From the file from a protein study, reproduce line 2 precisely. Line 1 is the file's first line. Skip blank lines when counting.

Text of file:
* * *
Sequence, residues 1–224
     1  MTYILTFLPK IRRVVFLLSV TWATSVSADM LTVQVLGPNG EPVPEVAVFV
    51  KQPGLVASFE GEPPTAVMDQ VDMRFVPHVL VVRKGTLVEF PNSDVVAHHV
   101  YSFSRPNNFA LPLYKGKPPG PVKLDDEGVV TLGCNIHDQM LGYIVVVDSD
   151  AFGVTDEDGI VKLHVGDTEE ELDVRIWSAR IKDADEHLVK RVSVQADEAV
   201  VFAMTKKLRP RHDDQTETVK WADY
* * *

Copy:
     1  MTYILTFLPK IRRVVFLLSV TWATSVSADM LTVQVLGPNG EPVPEVAVFV